Tainted Love: The 1980s Tide
By Hunter Ford
Who could forget parachute pants, Michael Jackson’s “Thriller,” The Cosby Show, Oingo Boingo or Madonna’s “Like a Virgin” video?
While reading the recent comparisons of Paul Bryant and Nick Saban, I was reminded of Ray Perkins, the Tide coach who led Alabama in the mid 1980s. His tenure was sandwiched in between the twilight of Bryant’s career and the Bill Curry experiment.
For the purposes of educating the young’uns out there who have no memory of the 80s, and the oldtimers who may choose to forget this time, I’d like to explore the decade a little bit. These were my junior high and high school years (yours too, some of you) and a very important time in my development as a Crimson-bleeding Alabama fanatic.
The early 80s were still Bear’s Time. Although the 80, 81 and 82 teams fell way short of the precedents set in the 60s and 70s there were some historical moments to cherish. The 80 team fell to Mississippi State in a shocking upset then lost to Notre Dame. At 9-2, the 80 Tide went to the Cotton Bowl, at the time still prestigious, and stomped a mudhole in Southwestern Conference champ Baylor to finish 10-2.
The year 1981 was marred by a loss to one of the worst ever Georgia Tech teams and a tie with Southern Miss. Bill Curry coached Tech that year by the way.
But Alabama beat Penn State on the road and defeated Auburn to give Bryant his 315th victory, making him the winningest coach in college history until geezers from his own era, Paterno and Bowden eventually passed him. Bryant’s swan song was an emotional win over Illinois in the Liberty Bowl.
Enter Ray Perkins, to the theme music of Billy Idol’s “Eyes Without a Face.” The steely Perkins had none of the country boy charm of Bryant and immediately made mince meat of many things Tide fans held dear. He scrapped the wishbone, he tore down Bear’s tower for God’s sake!
Perkins also shook up sponsors, changing from Golden Flake to Lays and firing radio voice John Forney. Perkins also dismissed longtime assistant coaches, including Mal Moore, without blinking a gun-metal blue eye.
I’ve always thought Perkins got a bad rap, because if Bryant were in the same situation, taking over a program, I believe he would have done it his way or the highway too. (Saban kind of does that doesn’t he?)
Perkins’ legacy, to me at least, is that he held the ship together and kept Auburn from establishing dominance at a time when they had opportunity. Perkins was 2-2 against Pat Dye, but the balance of power could have shifted drastically, and it did when Perkins left.
Here were Perkins’ biggest achievements: A 28-7 win over fifth ranked SMU in 83 Sun Bowl; 17-15 win over Bo Jackson and Auburn in 84; “the Kick” win over Heisman Bo and Auburn in 85; a win over Ohio State in the 86 Kickoff Classic; a resounding throttling of Tennessee in 86 that started a long winning streak over the Vols, and the Tide’s first and only win over Notre Dame, also in 86. Perkins was 3-0 in bowl games also defeating Southern Cal and Washington.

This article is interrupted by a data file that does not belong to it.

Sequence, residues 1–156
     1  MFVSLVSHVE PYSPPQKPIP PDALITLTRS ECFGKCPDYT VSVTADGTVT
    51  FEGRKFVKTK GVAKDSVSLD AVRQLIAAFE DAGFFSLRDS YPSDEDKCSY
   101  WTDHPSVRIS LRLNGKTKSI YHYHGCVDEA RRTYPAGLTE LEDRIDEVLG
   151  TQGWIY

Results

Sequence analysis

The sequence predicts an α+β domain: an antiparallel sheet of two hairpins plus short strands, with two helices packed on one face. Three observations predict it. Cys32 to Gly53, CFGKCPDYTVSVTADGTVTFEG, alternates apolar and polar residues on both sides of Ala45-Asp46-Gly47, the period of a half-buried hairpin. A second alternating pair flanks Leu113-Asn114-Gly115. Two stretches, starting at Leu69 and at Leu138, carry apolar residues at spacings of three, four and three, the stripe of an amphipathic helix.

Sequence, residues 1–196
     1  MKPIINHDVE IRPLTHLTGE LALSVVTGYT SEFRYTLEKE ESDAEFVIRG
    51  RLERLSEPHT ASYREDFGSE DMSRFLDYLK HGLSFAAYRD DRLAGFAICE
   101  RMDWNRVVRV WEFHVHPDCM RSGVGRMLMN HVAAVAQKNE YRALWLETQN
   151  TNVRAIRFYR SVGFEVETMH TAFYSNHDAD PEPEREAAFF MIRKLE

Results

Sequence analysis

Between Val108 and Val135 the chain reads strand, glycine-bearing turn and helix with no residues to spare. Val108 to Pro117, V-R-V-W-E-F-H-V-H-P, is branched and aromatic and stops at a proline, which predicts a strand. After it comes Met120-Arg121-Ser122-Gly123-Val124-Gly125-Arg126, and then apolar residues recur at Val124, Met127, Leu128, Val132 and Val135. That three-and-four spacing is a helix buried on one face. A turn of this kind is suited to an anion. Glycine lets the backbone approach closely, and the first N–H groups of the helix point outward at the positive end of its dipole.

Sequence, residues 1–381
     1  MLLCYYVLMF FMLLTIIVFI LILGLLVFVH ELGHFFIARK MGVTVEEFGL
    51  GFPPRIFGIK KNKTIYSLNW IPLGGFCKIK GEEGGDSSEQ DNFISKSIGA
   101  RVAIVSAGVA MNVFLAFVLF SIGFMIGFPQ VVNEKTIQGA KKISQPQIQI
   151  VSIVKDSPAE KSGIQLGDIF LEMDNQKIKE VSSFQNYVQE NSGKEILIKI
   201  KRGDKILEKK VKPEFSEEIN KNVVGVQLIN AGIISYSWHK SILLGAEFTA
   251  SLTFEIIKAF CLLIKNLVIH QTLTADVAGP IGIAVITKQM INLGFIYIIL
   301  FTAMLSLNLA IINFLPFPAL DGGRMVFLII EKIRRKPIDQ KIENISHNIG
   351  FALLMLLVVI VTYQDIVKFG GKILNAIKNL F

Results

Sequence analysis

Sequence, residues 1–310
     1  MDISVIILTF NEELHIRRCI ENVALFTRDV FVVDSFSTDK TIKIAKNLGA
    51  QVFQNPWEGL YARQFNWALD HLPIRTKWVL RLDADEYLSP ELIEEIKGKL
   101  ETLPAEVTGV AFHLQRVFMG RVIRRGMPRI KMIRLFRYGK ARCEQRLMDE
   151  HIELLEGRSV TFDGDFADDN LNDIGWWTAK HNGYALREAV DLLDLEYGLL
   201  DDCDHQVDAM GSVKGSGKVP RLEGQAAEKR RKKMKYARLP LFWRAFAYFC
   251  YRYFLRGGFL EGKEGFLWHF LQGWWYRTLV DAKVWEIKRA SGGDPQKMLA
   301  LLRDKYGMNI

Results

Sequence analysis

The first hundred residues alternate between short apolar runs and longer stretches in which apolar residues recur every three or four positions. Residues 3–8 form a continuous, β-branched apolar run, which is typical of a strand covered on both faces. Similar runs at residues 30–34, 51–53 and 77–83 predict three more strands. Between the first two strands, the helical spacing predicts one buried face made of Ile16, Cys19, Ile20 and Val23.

Perkins personal legacy was not helped when his former quarterback and protoge Mike Shula coached the Tide incompetently prior to Saban’s arrival. The Perkins, Bill Belicheck, Saban chronology, is interesting however.
Former Led Zeppelin singer Robert Plant had an 80s hit with “Ship of Fools” and that music could have been playing in former Alabama president Joab Thomas’ head when he skipped over Bobby Bowden and hired Bill Curry. This was like Van Halen turning into Van Hagar. He was a bad fit, and Curry couldn’t beat Auburn if the Tigers were bundled in a sack and Curry had a baseball bat.
Curry lost to the Memphis Tigers, and dropped a homecoming game to Ole Miss. Yet he managed to skunk Paterno in three games and he continued the Tide streak against Tennessee.
In 1989, Curry led Alabama to a 10-0 record and share othe SEC crown. He had to share it with Auburn, when once again, Dye abused Curry like a two-dollar you-know-what.
That same year Neil Young released his seminal song “Rocking in the Free World.” Curry left for Kentucky. Alabama returned to its roots and hired Bryant disciple Gene Stallings to begin the voyage into the 90s. Young’s music inspired a growing “grunge scene” that took music away from the techno pop of Flock of Seagulls and back into raw-bones, power chord jams. Stallings’ Tide went back to the basics of stout defense and power running. After an introductory slump in the 90 season, Alabama finished strong by beating Tennesee and Auburn. Alabama went 11-1 in 91, and 13-0 in 92. The program that “still couldn’t find what it was looking for” to paraphrase U2, finally found it. Kind of like Alabama has again with Saban.
I have fond memories of the 80s. Walter Lewis, Joey Jones, Cornelius Bennett, Derek Thomas, Bobby Humphrey, Van Tiffin, Mike Shula (yeah), Al Bell, Wes Neighbors, and many others made some nice history for the Tide. Still, I can’t help thinking they are the “Lost Boys” of modern Alabama football.
(PS: Does anybody remember the Ponys Alabama used to wear in the 80s. Kids in my day actually wore Pony football shoes to school (the turf kind, back when we still had REAL Astro Turf) tried to get Breakfast Club reference in but couldn’t. Anybody out there with 80s memories?)